other parts of the detection process.
Fifthly, there's the lead
time issue - by the time the computer has sounded an alarm, and
by the time a real person has responded to that alarm and
directed security personnel to the person of interest, it might
be too late.
Lastly, and just like with
behavior detection done by humans, the purposeful and brief
transit through a subway station gives fewer opportunities for
meaningful behavior patterns to manifest.
This technique has been
employed in Las Vegas casinos for some years now - computers can
automatically recognize 'people of interest' when sighted
through video feeds.
But this recognition process
presumes that the terrorists in question are known terrorists
and that good facial imagery has been fed into the monitoring
computer so they can then be recognized with some degree of
accuracy. These two requirements are not things that are always
present in suitably optimized form.
Even when the terrorists are
known to be bad guys and their images are loaded into a facial
recognition system, bad light, obscured facial images by other
people in the crowd, and some types of facial disguise may all
still allow a terrorist to slip by.
This type of system is of
vulnerable to lead time issues.
A type of remote invisible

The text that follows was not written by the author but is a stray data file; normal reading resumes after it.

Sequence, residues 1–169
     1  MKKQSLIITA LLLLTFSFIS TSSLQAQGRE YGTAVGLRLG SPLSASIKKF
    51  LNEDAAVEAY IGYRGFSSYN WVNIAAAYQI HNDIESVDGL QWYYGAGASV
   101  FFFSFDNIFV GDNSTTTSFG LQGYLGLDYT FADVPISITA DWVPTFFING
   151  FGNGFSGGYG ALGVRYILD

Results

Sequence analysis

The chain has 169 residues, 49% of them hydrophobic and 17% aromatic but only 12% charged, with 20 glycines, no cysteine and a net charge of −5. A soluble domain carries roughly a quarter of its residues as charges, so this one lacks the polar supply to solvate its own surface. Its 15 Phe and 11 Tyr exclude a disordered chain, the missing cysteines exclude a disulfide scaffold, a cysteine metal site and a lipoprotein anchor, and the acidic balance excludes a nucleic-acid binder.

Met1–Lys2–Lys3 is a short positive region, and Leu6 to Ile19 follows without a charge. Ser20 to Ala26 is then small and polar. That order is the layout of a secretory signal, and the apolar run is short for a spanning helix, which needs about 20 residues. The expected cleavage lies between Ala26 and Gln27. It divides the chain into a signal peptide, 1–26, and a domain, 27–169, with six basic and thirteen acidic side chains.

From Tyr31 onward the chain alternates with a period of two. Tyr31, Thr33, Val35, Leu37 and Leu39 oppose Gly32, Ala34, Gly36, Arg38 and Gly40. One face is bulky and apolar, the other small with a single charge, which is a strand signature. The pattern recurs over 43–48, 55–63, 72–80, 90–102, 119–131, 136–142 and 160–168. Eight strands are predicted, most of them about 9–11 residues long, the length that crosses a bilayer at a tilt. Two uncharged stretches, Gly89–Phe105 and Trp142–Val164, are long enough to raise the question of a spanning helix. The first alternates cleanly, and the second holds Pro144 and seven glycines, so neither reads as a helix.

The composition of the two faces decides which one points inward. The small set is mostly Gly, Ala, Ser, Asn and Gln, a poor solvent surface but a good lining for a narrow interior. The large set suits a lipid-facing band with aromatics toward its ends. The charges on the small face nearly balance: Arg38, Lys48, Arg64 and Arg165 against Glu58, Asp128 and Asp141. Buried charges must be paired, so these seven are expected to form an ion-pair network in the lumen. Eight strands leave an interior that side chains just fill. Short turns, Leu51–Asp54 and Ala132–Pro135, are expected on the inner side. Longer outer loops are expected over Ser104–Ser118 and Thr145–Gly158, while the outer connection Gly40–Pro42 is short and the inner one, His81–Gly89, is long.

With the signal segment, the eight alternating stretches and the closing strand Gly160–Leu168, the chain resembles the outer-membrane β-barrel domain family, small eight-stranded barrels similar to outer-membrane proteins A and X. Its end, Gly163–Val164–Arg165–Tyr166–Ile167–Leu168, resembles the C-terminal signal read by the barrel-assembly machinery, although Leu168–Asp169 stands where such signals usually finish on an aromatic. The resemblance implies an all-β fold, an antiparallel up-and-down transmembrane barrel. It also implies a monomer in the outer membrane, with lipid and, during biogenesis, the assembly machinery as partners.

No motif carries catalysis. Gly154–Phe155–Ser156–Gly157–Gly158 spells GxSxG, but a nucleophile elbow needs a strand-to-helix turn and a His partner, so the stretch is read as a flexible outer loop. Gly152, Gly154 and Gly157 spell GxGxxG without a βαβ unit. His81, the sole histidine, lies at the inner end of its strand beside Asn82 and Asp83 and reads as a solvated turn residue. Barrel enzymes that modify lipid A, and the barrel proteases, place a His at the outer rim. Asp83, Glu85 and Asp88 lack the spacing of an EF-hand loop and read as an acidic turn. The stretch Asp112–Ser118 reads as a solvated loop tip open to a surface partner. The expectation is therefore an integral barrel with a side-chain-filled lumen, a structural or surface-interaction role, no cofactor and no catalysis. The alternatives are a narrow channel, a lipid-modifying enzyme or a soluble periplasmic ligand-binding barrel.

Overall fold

explosive scanner is being trialed in the UK. It uses a UV
light source to scan people, taking a couple of seconds to
detect the possible presence of any explosive residue.
It will probably be possible
to do this, to some hopefully sufficient extent, as people pass
through fare turnstiles.
Unfortunately, UV light can
damage a person's eyesight, and also harm their skin and
accelerate the possibility of skin cancer. It is not known
what intensity of UV light such new systems may have or what the
accumulative effect may be on commuters being exposed to it
several times a day.
This also requires the
terrorists to have conveniently contaminated themselves with the explosives
they are carrying.
Trusted Passenger programs
To flip things around, it
may be possible to take passenger tracking systems already in
place, such as London's Oyster card, and to enhance these to
allow for designated trusted passengers.
Anything to reduce the
number of unknowns is clearly a good thing, but a trusted
passenger program would only apply when going into subway
stations. Once through the turnstiles, all passengers merge into
one big mass of passengers.
tracking/evaluation systems could know to ignore trusted
passengers and focus more carefully on unknown passengers, and
unknown passengers could receive more careful scrutiny when
The cost of establishing and
running a trusted passenger system would be great, and the
returns of uncertain value, and the privacy tradeoffs - the
transit authority would then get to know of all your travels -
It may be a good
enhancement, and may offer some cumulative additional security,
but as a freestanding system with nothing else, it is next to
So, with only one part of
this article series, what should be done? At last, the
answer to that question is finally only
one more click away.
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2 Apr 2010, last update
02 Jul 2017